Pocket gardens have become a kind of clarion call, signally environmentalists and everyone keen to restore a semblance of balance in the biosphere and on behalf of Mother Nature.
According to Mary Stout, chairperson of a North Shore neighbourhood gardeners group, the Little Garden Club of Wilmette (Illinois), “Pocket gardens have become part of a national (and even international) environmental movement.’’
Mrs Stout said pocket gardens can be found springing up everywhere and people can establish them in window boxes and in pots on patios.
They can also look for neglected or unused patches of land, such as alley ways and begin tending those spaces and planting prairie seeds.
“We’ve been encouraging people to look at the alleys in their home areas and start planting indigenous plants there,” she said. “We’ve seen indigenous prairie plants springing up in pocket gardens all over the alleys of the North Shore,” added Charlotte Adelman, co-author of ‘Midwestern Native Shrubs and Trees’ with Bernard L. Schwartz.
Now flowers, fruit vines and leafy green vegetables are increasingly beautifying and filling up areas that were once seen as spaces where garbage bins and old cars were stored.
They are also areas where home-made compost is used to fertilise those tiny patches, ensuring they produce prairie plants in plenty.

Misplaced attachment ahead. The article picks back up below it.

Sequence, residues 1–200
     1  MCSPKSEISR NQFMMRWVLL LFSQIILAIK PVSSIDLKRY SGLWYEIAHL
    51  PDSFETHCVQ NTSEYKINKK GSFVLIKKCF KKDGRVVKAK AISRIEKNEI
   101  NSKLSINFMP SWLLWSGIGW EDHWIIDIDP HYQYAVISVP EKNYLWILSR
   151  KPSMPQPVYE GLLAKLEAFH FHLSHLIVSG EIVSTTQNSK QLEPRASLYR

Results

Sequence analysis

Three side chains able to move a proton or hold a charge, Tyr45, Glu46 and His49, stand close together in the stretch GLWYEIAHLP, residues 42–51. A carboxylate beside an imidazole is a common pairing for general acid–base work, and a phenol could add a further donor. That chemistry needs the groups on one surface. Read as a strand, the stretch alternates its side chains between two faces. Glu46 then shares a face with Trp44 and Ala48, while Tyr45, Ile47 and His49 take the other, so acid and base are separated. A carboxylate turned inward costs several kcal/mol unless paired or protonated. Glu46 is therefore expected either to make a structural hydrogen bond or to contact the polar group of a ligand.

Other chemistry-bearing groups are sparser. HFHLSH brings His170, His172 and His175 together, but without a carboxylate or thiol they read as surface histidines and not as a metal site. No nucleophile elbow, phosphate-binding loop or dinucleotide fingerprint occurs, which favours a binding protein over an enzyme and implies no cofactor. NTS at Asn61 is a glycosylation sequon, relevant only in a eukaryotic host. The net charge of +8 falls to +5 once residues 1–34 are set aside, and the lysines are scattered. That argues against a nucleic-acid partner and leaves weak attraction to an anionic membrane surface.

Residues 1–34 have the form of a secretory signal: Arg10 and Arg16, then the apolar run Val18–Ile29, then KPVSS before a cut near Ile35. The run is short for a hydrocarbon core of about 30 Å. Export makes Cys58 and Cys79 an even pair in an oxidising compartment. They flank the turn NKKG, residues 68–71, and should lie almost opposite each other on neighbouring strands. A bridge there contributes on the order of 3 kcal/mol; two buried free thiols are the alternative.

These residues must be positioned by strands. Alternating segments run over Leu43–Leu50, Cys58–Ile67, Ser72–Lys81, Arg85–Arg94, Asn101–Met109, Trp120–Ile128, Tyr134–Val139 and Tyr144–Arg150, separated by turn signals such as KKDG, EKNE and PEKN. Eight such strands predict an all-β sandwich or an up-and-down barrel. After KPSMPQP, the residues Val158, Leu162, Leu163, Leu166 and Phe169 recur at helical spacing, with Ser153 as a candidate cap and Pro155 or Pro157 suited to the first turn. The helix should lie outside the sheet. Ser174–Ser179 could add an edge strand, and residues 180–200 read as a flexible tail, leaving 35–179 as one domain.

The Little Garden Club advocates creating compost, the organic fertiliser made with food leftovers, including vegetable and fruit skins, stems and stalks as well as biodegradable paper products (no plastics) like toilet rolls.
These are all mixed together and left to ferment for several days. After that, the compost gets spread all over one’s pocket garden, thus ensuring the plants grow quickly.
Ms Adelman has taken the concept of the pocket garden and expanded it to create the half-acre Centennial Prairie on derelict land on the west end of her town.
The retired lawyer turned lay ecologist is committed to restoring indigenous grasses, flowers and shrubs that once grew naturally.
Reconstructing the prairie’s original habitat means that indigenous plants will attract local bugs which in turn will serve as special foods consumed by the birds and butterflies that once populated the area but disappeared when buildings destroyed the wildlife’s natural ecosystems.
Ms Adelman says she began developing her prairie garden in 2015. An expert advised her on which native plants and seeds could flourish in that specific sandy soil.
Pointing out everything from Butterfly Weeds, Aromatic Asters and Virginia Bluebells to River Oats, Canadian Wild Ginger and Switch Grass, Ms Adelman is proud that the prairie plants now flourishing on their garden patch have already begun attracting native bugs and birds.